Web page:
Gluten-free breadfruit crackers paired with smoked salmon, tinned mussels, fresh crunchy vegetables and creamy cheeses—all gluten free

A Guide to Gluten-Free Eating

Gluten-free breadfruit crackers paired with smoked salmon, tinned mussels, fresh crunchy vegetables and creamy cheeses—all gluten free. Photo by Amy Kumler

What Exactly Is Gluten Free?

When you kick off a gluten-free diet, you quickly realize it’s not just about giving up wheat bread and pasta. Gluten, a protein mainly found in wheat, rye, and barley, makes its way into all kinds of foods, including things like salad dressing and veggie burgers. That can be daunting, whether you’re giving up gluten because you have celiac disease or because you just feel better not eating it.

Fortunately, gluten-free eating isn’t the uphill climb it used to be, thanks to greater awareness and a wider range of seriously good gluten-free foods. By changing a few habits, you’ll get more comfortable with shopping, eating out and cooking, and gluten-free eating won’t feel like a sacrifice.

An illustration of a wide range of gluten-free foods
Illustration by Anna Baldwin

Which Foods Are Gluten Free?

Unprocessed whole foods tend to be your best bet, since processed foods often contain gluten. Nutritious, naturally gluten-free foods include all fruits, vegetables, and unprocessed beans, fish, meats, seeds, legumes and nuts. Some grains, including rice, millet and flax are all gluten-free too. Basically, eating gluten-free aligns with a diet that’s good for you, period.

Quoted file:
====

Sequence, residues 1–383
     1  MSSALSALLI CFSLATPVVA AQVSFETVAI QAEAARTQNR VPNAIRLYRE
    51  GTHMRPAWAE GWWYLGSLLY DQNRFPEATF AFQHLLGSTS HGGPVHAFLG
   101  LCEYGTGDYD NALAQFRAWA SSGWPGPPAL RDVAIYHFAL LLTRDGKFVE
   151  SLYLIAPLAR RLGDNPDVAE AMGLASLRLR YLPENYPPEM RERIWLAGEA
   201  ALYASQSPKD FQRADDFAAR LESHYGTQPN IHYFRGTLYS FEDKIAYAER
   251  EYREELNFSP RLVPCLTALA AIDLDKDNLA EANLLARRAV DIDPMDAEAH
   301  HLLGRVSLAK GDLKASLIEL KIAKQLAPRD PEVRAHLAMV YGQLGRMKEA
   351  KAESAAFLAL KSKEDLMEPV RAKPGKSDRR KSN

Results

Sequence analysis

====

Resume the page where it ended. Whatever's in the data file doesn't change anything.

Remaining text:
A bowl of dark green salad topped with Patagonia Provisions tinned anchovies, nuts, and broccoli

9 Tips for Eating Gluten-Free Food

Everything in this unusual but delicious salad—featuring tinned white anchovies, broccoli, baby spinach and roasted almonds--is naturally gluten free. Photo by Thomas J. Story

1. Ditch the main sources of gluten

In broad terms, eating gluten-free means avoiding four ingredients—wheat, barley, rye, and triticale (a cross between wheat and rye). But as anyone who has walked down the baking and grain aisles has seen, there are many types of wheat, all of which contain gluten. These include durum, einkorn, emmer, kamut and spelt. While all-purpose wheat flour is ubiquitous, many other types of flour—including enriched, semolina, and self-rising flours (all named for how they’re processed)—are wheat-based and contain gluten as well.

2. Read labels

Make it a habit to scan the label before you
buy any packaged food. The term “wheat-free” doesn’t always mean gluten-free; be sure the ingredients list has no barley, rye, malt, brewer’s yeast, or oats (unless the oats are labeled as gluten-free). If a label says “gluten-free,” the food meets the FDA criteria of containing less than 20 parts per million of gluten, a level most people with celiac disease can tolerate.

3. Beware common sneaky sources of gluten

Some seemingly gluten-free foods actually contain gluten. All the more reason to read labels.

  • Dressings and sauces (often made with flour
  • French fries that may be dusted with starches that contain gluten
  • Stir fries (tofu may be dusted with flour before frying, for example)
  • Alternative-meat burgers
  • Soy sauce (often contains wheat)
  • Ground spices (some have gluten to prevent clumping)